There is a widening gap within humanity right now, between very few people doing a lot of interesting, productive and innovative stuff, and many people doing absolutely nothing. The thing is, everyone has the potential to affect change. This concept has recently been coined as cognitive surplus. We can’t simply ask everyone to start doing incredibly productive tasks all at once—a heralded concept of productivity and volunteerism is start small, ask small.
Everyone using the internet is part of a vast pool of free knowledge, crowd-sourced support, and instant help that is key to this theory. All of this extra time is unguided and up for grabs—we just have to ask.
So how are people and organizations already succeeding in capturing the cognitive surplus? Sometimes it’s right under your nose, and sometimes you’re already a participant and haven’t even realized it.
This online encyclopedia has been tapping into the power of volunteering since its inception in 2001. The Wikimedia Foundation has only 250 employees, but boasts 80,000 active volunteers, all managing articles and content updates constantly across the globe. The model works and has been steadily growing; Wikipedia has gone from 1.4 million monthly page views in 2004 to nearly 19 million monthly page views today. It holds 4.9 million English articles alone and ranks as the seventh most popular website on the entire Internet—that’s a big feat for volunteers.
The engine that keeps Wikipedia running is collaboration. In the words of co-founder Jimmy Wales, “The Internet as a tool allows for really brilliant people to do things they couldn’t in the past.”
The ecommerce world quickly accepted CAPTCHAs as a means to protect online transactions from bots and ensure customers were purchasing on a secure site (it’s an acronym standing for “Completely Automated Public Turing test to tell Computers and Humans Apart” – what a mouthful). A CAPTCHA is a distorted series of letters and numbers that a person needs to translate in order to prove he or she is human – a task simple for humans yet nearly impossible for computers.
Over 200 million people complete CAPTCHAs every day, spending roughly 10 seconds on each one. That’s 50,000 hours per day filling out CAPTCHAs. But people aren’t just filling these out to verify they are human—they are digitizing books and translating the web. This use of cognitive surplus was Luis van Ahn’s idea, creator of the company reCAPTCHA.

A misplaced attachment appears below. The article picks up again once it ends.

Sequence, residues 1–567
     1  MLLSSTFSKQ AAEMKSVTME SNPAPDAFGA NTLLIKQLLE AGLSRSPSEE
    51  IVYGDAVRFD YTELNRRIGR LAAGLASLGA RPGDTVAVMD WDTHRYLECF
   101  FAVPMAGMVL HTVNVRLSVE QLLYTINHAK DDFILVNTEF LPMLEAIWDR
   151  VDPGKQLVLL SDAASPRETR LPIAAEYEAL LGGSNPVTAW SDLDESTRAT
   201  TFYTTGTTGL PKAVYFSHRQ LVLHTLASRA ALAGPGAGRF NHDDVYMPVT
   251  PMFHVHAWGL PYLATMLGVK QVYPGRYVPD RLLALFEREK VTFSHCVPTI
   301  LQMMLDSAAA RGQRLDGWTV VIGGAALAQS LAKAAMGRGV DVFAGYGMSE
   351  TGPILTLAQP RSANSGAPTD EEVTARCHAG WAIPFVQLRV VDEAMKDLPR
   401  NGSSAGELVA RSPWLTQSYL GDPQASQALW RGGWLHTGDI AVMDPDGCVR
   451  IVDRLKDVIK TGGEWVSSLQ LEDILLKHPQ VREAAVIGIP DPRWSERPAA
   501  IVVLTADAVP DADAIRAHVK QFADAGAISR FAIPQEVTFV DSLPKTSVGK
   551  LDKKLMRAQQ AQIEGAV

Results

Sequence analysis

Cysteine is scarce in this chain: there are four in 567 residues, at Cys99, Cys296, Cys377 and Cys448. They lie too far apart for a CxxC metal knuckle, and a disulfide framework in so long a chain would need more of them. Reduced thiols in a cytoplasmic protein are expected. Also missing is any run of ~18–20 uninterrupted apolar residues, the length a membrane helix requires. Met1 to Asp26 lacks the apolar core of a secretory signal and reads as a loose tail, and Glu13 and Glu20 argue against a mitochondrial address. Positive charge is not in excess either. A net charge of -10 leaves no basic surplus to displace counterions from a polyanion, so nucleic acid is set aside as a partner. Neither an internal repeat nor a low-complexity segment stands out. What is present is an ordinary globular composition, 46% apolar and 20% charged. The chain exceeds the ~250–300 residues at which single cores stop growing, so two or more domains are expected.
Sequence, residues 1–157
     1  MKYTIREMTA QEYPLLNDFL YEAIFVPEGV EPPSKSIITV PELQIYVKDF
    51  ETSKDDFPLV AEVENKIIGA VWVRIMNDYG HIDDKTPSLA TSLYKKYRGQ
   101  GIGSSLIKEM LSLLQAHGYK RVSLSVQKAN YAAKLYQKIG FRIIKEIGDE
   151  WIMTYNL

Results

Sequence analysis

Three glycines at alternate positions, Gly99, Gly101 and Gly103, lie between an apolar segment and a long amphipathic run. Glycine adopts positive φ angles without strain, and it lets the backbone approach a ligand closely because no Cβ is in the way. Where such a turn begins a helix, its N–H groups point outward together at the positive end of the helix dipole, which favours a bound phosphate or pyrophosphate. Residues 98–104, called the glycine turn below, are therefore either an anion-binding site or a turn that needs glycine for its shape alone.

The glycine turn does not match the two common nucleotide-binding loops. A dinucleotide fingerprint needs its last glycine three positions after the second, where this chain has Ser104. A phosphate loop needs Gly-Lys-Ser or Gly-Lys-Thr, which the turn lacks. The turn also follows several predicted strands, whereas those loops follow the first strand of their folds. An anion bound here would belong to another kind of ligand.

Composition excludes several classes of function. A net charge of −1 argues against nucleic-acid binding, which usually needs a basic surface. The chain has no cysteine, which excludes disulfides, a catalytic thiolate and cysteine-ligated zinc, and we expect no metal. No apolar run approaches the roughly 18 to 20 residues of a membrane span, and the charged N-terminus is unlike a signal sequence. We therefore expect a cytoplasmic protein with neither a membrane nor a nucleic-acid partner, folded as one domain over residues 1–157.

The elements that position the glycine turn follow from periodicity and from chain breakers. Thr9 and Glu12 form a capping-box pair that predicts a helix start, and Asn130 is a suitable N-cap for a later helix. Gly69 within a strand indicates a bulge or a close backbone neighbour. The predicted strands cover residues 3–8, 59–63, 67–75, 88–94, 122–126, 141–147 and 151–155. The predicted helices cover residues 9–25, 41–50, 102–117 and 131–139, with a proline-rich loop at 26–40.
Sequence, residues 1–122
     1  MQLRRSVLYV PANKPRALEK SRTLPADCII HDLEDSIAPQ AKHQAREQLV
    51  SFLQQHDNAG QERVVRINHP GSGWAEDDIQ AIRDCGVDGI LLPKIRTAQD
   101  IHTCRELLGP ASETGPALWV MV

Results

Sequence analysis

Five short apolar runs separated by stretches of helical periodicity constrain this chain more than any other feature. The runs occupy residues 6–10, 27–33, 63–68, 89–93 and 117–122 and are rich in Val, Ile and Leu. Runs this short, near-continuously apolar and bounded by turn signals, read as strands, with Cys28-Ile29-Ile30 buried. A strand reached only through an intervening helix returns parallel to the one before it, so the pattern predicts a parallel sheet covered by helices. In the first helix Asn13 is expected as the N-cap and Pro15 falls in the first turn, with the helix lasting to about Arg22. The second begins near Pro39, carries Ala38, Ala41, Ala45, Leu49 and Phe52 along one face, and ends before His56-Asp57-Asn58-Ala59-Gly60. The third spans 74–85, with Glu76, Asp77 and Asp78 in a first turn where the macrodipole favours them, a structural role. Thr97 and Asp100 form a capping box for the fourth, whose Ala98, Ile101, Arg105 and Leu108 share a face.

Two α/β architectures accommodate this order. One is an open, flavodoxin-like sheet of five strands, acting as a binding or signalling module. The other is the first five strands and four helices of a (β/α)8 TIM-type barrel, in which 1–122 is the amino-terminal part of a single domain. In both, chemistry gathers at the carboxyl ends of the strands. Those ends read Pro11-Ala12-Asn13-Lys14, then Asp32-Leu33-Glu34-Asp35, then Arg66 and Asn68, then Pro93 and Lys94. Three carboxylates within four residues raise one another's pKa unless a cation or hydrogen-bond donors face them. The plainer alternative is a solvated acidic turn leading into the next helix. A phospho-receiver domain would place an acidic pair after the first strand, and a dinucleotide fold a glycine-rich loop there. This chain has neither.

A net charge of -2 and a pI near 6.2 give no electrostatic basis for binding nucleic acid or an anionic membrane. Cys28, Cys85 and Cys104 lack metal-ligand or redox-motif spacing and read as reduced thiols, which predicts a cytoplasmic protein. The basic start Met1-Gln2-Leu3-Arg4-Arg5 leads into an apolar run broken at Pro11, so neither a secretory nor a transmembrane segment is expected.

Although the 10 seconds it takes one person to fill out a CAPTCHA may not seem like enormous potential, van Ahn thought of the collective time everyone in the world wasted on CAPTCHAs. He then saw a connection between internet security and one daunting task – digitizing every book ever written. Why not have a more secure internet with CAPTCHAs, while simultaneously digitizing the written word?
When you complete a CAPTCHA, it’s not just filling out a form or buying a new pair of shoes – it’s translating historical texts and digitizing books. Think about it: computers are very good at math, but really bad at interpreting squiggly lines and the nuances of handwritten script or old type face. The next time you purchase a concert ticket and find yourself with a CAPTCHA to fill out, it could be a word or phrase from the first edition of Moby Dick, and a computer simply can’t crack that antiquated type face. It needs you to translate. Every time you fill one out, you “volunteer” to translate and digitize a historic book. You are literally saving history!
Your organization doesn’t need to produce the volume of articles akin to Wikipedia or save history’s aging first edition classics. But it certainly has its own pocket of cognitive surplus it can tap into through volunteering. Think of what you already have, and create something from that. The model is simple: ask, provide guidance, and then thank and reward people for participating. Repeat.
Watch how the online volunteer model works in this video.
Volunteering systems can help organizations and their communities tap into this potential. Systems like Higher Logic’s Volunteer Manager aim to help capture the surplus. For example, say you have 100,000 members, and 27 percent of them offered to volunteer. Currently you only have 800 available opportunities—that’s 26,200 people still looking for a way to help. How do we get that right opportunity to the right volunteer at the right time? Start small and ask around.